TMM's long-run fair value model for 10yr USTs, based upon debt ratios, the output gap and medium-long term inflation expectations (see chart below, orange line, 10yr USTs - white line) has yields as close to fair value, and given the output gap is (slowly) closing and the renewed fiscal stimulus will push up the debt ratio, it is hard to see much room for this measure to move much lower...
...persistently low core-CPI (see chart below, lagged 12months - orange line) prints are likely to keep inflation expectations subdued as the output gap (OECD measure - white line) is still very large, predicting core-CPI to only reach about 1.6% by year-end. It is also worth noting that it is rather difficult to get to a 4% yield number without real rates rising significantly (something the Fed is eager to prevent), given that 10yr TIPS Breakevens at 2.4% are already at the highs they were at in April 2010 when 10yrs were trading 3.98%. Add to that the probability that Republicans force Congress to put in place a long-term deficit reduction plan and it is hard to envisage a material break higher in yields. On the back of all that, TMM reckon bonds are range-bound.
10) Spanish 10yr yields will NOT hold below their 2010 highs, but Spain will NOT need a bailout.
One of the consensus trades for 2011 is the continuation of all things Eurobllx and a seeming inevitability that Spain will need to tap the EFSF. While TMM expect a good old fashioned bit of Eurotrashing in Q1, resulting in Portugal running into the arms of the EFSF and a spike wider in Eurobond spreads, they find it hard to believe that EU policymakers would let the next domino fall given the ever-increasing costs of inaction. Indeed, in policy circles, talk of a pan-EU bank recapitalisation fund is amok (as mentioned before, this was always TMM's favoured solution to the crisis because bank capital can be leveraged). Regulators are currently preparing for a new and tougher round of stress tests, and clearly understand that national solutions to the undercapitalisation of national banking systems are untenable due to the extreme pressure they put on the sovereign's balance sheets. The beauty of a pan-EU bank recapitalisation fund is not just that it allows the leveraging of equity (which will create a positive feedback loop in peripheral bonds), but that it avoids a direct bailout of Spain, which would surely push the market to attack Belgium and Italy. In such a format, the pan-EU fund would also be exposed to the upside in terms of a recovery in bank equity and be less likely to result in a backlash in Germany against the Euro, instead, merely adding to the anger against bankers (a convenient distraction for politicians to point to).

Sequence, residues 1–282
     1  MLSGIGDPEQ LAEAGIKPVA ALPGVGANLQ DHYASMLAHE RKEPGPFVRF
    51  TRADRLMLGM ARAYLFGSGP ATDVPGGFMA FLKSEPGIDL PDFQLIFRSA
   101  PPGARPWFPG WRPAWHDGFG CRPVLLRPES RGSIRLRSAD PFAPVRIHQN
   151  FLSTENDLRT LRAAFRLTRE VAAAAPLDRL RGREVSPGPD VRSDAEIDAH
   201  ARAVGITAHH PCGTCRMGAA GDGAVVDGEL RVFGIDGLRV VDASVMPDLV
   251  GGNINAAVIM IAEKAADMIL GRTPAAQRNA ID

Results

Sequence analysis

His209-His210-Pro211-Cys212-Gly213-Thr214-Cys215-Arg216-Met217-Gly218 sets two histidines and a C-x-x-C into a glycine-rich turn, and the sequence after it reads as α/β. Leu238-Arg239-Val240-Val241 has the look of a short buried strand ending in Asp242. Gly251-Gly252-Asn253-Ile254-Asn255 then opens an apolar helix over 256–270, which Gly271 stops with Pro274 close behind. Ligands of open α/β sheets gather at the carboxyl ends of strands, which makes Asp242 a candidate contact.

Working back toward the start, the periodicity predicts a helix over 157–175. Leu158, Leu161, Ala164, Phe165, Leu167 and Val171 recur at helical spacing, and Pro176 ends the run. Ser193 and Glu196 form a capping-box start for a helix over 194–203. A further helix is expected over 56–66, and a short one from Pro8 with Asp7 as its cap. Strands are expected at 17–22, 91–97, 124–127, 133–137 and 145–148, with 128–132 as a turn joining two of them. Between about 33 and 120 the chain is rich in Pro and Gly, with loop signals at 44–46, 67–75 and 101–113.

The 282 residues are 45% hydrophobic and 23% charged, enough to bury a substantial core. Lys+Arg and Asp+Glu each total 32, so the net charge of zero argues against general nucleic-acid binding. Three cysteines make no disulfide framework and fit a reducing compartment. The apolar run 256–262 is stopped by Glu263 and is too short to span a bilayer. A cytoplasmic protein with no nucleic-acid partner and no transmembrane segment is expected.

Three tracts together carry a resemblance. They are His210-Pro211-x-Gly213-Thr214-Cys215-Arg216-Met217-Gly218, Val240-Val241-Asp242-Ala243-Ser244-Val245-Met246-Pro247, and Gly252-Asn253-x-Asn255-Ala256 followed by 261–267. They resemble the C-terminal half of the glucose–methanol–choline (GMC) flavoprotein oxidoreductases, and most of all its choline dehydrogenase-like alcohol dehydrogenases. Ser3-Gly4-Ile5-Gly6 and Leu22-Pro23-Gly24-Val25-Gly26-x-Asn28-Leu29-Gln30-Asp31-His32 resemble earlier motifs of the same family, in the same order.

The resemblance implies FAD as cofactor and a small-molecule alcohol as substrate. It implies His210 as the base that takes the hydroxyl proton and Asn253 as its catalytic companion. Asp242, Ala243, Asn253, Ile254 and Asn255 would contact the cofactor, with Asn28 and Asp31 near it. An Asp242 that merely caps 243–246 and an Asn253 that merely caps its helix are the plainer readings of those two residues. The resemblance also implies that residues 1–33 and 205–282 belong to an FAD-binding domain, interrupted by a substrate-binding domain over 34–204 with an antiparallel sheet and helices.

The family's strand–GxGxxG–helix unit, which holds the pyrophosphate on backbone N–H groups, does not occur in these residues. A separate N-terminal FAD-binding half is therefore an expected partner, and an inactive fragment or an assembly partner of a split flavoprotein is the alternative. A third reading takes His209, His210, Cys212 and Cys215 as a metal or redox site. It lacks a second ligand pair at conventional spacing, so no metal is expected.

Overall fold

We know that plenty of work has been published on Spain's refinancing calendar and the relevant dates are being used by market players as this year's roadmap to Eurodoom. But these dates are just as clear to the Eurostriches and we cannot believe that even they can ignore their oncoming thunder and must have some sort of plan... Surely?